Mixed messages, like too many mixed cocktails, can cause a nasty hangover.
NASCAR is setting itself up for a lulu of a head-splitter by trying to reconcile hard-liquor ads on race cars with efforts to spiff up the image of a sport that traces its roots to moonshine runners.
It's kind of schizo-marketing to extol a wholesome ''family values'' business while drivers are behind the wheels of speeding cars painted like beer cans and, soon, Jack Daniel's and other whiskey bottles.
In NASCAR's world, where the name of the game is sponsorship, drinking and driving go together a little too neatly.
No driver, though, should risk saying he likes his hops or sour mash too blankety much. Cussing, as Dale Earnhardt Jr. discovered, is punishable by points.
On one level, the decision Wednesday to lift the ban on hard-liquor ads is no big deal. Budweiser sponsors Earnhardt's car, Matt Kenseth has a deal with Smirnoff ICE malt beverage, and Busch sponsors a whole lower-tier racing series. There's enough beer poured by fans at a race to float all the cars.
So why should anyone get worked up over letting the drivers hawk higher-proof booze? Whiskey, beer, wine? It's all alcohol and it's all legal, unlike the moonshine that the good ol' boys barreled through the hills of Georgia and the Carolinas way back when.
Let's not cry out for a return to Prohibition but let's not kid ourselves that a sport like NASCAR, and the sponsorships behind it, doesn't influence its fans, young and old.
Let's not pretend that there's no incongruity in the driving/drinking bargain that NASCAR has struck. More than 17,000 people die and a half-million are injured every year because of drunken driving.
NASCAR knows it's on dangerous ground here, no matter how lucrative the deals might be. President Mike Helton went to great pains to sugarcoat the mixed message by emphasizing the ''long record of responsible advertising'' by the spirits companies.
That's questionable, but there also is the real wreckage caused by drunken drivers in the 18-to-34 male demographic that NASCAR so assiduously and successfully cultivates.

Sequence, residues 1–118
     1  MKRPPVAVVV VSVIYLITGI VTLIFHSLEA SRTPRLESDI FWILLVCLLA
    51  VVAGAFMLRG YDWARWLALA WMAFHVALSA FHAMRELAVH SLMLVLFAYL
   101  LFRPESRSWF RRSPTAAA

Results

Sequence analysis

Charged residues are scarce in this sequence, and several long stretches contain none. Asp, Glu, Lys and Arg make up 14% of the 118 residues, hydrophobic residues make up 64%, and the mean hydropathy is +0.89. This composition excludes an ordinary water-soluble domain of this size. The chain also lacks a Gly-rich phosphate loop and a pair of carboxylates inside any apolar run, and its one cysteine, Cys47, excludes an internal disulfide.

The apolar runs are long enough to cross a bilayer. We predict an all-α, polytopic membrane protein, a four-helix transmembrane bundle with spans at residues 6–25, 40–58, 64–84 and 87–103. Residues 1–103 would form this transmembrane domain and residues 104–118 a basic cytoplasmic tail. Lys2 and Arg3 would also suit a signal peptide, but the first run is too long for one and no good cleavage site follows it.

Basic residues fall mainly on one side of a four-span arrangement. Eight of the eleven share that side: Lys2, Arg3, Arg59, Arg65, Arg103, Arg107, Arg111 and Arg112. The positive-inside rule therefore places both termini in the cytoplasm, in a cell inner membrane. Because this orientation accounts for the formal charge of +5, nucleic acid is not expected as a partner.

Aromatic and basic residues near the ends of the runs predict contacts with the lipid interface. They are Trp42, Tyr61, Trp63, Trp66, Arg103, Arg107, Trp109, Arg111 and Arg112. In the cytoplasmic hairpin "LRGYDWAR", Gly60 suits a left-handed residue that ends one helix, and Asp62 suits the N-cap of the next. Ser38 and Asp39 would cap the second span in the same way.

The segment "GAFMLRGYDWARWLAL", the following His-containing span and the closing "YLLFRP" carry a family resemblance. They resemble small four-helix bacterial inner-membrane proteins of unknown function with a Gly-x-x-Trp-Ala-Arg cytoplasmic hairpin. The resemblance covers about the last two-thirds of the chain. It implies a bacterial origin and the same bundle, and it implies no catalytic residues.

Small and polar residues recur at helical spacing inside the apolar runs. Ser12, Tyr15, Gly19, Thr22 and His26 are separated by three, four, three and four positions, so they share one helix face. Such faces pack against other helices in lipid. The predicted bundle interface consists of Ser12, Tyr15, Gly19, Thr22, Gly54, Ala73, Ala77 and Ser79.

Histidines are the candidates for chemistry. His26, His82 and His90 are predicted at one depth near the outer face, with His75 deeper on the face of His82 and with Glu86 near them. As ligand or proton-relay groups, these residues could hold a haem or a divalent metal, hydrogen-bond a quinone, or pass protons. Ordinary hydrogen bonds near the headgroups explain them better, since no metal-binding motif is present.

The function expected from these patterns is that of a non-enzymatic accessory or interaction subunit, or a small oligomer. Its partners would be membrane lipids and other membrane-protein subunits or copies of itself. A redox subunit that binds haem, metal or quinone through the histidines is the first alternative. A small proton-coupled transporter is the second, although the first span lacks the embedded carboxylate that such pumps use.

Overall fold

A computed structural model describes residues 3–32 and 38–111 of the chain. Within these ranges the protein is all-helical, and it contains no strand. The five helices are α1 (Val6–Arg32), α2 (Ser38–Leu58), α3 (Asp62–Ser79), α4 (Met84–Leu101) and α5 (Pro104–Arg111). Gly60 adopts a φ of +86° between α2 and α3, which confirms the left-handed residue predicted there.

''Any spirits company involved in NASCAR will have marketing campaigns strongly grounded in responsibility and will follow advertising and marketing guidelines set by NASCAR that are consistent with the Distilled Spirits Council's advertising code,'' Helton said.
He said NASCAR reached out to advocacy groups such as the National Commission Against Drunk Driving and Mothers Against Drunk Driving.
John Moulden, president of the National Commission Against Drunk Driving, was impressed with the way NASCAR approached the change of policy.
''They told us that any advertising done in NASCAR by breweries or distillers, they'll make sure it is directed at the legal age audience and not to kids and that they will require 20 percent of advertising dollars go toward promoting responsible drinking.
''We'd like to see that same type of responsibility by all sports and advertisers.''
Problem is, there are plenty of NASCAR fans under 21 watching those alcohol ads going around the track and making the obvious connection with life in the fast lane.
Wendy Hamilton, president of MADD, is holding back judgment, saying the only contact she had with NASCAR was a few e-mails and an agreement to participate on an advisory committee.
Personally, she said, she's always thought it was ''absurd'' to put alcohol ads on cars. But she emphasized that MADD is not a prohibitionist organization and does not oppose alcohol advertising aimed at drinkers over 21.
''NASCAR, with its fan base, has the opportunity to be a player in this world when it comes to drunk driving because clearly not enough people are getting the message,'' Hamilton said.
''Our position is very clear. We're going to be talking about all alcohol, not just the distilled spirits industry, and our message is no underage drinking and don't mix drinking and driving.''
Every sport should be sending the same message. Binge drinking on college campuses, especially at football and basketball games, is huge.
''There isn't a single area of sports in this country where some athlete hasn't been convicted for drunk driving or hasn't hurt somebody driving drunk,'' Hamilton said.
Just last week, 19-year-old six-time Olympic champion swimmer Michael Phelps was arrested and charged with drunken driving in Maryland, where the legal drinking age is 21.
''I want to say that last week I made a mistake. I wanted to share my feelings and I know that getting in a car with anything to drink is wrong, dangerous and is unacceptable,'' Phelps told The Associated Press.
Hamilton called Phelps' actions ''very disappointing'' but said ''he still has an opportunity to be a great role model by doing the right thing and accepting the consequences and never doing it again.''
NASCAR has a chance, too, to be a model for sports and do more than simply make money off its beer and liquor deals. That's a sobering thought it can't afford to pass up.
Steve Wilstein is a national sports columnist for The Associated Press. Write to him at firstname.lastname@example.org
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